So, I thought I would start today's post with a link to a music video by the smiths. I was listening to this while reading the book and something stuck a chord with me. i noticed that Antoinette multiple times points out bitter sweet songs in which there is some one singing in an upbeat about dreary subject matter. this is fist pointed out when Christophine is singing to her and latter in the convent when she is taking notice how sister Louise sings about death in such happy manor. the smiths as a British punk anarchist band (I swear the bread these bands in the UK)has truly mastered that dissidence between an upbeat tune and morbid lyrics (they also produce some very keen guitar riffs) but when i got to reading i noticed this type of melancholy was pervasive in the text. the first section is written in the manner of a young woman so the pros seem to rad in an up beat way while the content is rather sad. then again i also noticed the repeating and my mind instantly went to Chuck Palahniuk, or Kurt Vonnegut. both of these authors enjoy repetition and both generally cover come pretty gritty subject matter(seriously if you want to feel like you never want to eat again because your stomach is to knotted up, and your skin is forever crawling read Chuck Palahniuk's "Haunted" you will never be the same it contains things you can't UN-read) but gladly, Rhy's story is much less glum. I was thinking a lot about what maybe waking dreams and also the actually dreams that Antoinette has... the remind me a lot of things that one of my best friends has told me about things he has seen, she is a delusional schizophrenic, and I was thinking about Antoinette and how both her mother and brother have mental irregularities. Knowing Antoinette's eventual fate I am beginning to believe that she may very well have a similar disorder. Then i think about her future and what is to come and I am lead to think about how all of these anxieties may cause enough tension to break her psyche. This of course is only a guess and I doubt it will be affirmed or discredited as the novel goes on. Finally, I am not that far into the new section so do not ruin anything for me but I feel that the writing style used for Rochester's is section is similar to the psyche of a young man.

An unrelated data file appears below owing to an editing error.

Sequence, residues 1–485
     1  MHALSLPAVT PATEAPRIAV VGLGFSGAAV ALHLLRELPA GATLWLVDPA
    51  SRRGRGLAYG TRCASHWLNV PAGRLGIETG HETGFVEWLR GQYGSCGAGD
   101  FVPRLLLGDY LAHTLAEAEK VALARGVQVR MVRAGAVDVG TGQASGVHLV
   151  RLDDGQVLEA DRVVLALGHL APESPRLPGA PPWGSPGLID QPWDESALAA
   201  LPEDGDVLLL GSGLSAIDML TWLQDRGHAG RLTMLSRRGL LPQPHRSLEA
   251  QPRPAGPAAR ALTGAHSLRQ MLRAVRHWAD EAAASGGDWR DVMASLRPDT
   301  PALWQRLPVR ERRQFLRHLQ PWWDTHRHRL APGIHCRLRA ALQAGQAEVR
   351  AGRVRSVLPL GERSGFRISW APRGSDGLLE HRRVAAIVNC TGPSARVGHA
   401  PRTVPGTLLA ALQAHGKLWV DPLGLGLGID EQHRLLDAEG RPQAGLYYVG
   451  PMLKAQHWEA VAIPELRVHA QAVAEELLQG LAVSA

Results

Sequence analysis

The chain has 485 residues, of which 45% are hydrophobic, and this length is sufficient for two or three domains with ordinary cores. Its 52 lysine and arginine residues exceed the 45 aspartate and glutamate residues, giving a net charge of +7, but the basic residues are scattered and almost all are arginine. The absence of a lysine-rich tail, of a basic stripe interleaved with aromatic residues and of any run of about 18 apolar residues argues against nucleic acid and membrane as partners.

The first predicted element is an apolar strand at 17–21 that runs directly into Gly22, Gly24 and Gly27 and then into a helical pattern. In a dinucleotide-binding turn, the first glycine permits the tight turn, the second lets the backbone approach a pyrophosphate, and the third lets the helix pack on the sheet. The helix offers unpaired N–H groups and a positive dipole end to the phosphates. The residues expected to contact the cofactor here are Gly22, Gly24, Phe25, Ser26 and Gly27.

Tuesday, September 27, 2011

And here we leave Jane.

So, earlier this week Prof. Hager mentioned that if we know the end of the story we will most likely enjoy it. I was thinking of this at the end of Jane Eyre. I was thinking that Jane being the narrator of the story gives us a pretty good Idea that at least she doesn't die. Furthermore she looks back at this as a journey to an end every struggle she mentions must lead to some form of redemption or growth. That mixed along with many of the clues Eyre (or Bronte if you prefer) has left us along the way leads us to some pretty obvious ends that may come. So, I guess I knew the end pretty early on in the book but I read on because the story intrigued me. I guess such is life, we all know the end but we all seem all to eager to speed through it (forgive the tangent). I was happy that Jane ended up with Rochester; although I knew she would be with him In die time. I was also glad that she separated herself from him enough to let Rochester grow (or get injured qualify it anyway you like) and give herself time to assert her independence. But I guess in the end the whole time I knew that it would end happily, with Jane becoming the virtues, and strong heroine but, I Guess the trajectory of the novel is what got me. It wasn't straight-line form destitution to a fairytale ending. It curved and swooped and made many corrections along the way until we could find ourselves at the end. All in all, I enjoyed seeing the destination of the novel because I got to see Jane’s movement towards and away from this final goal. So, I guess in the end I agree knowing something about the end may make us a little more intrigued with the journey.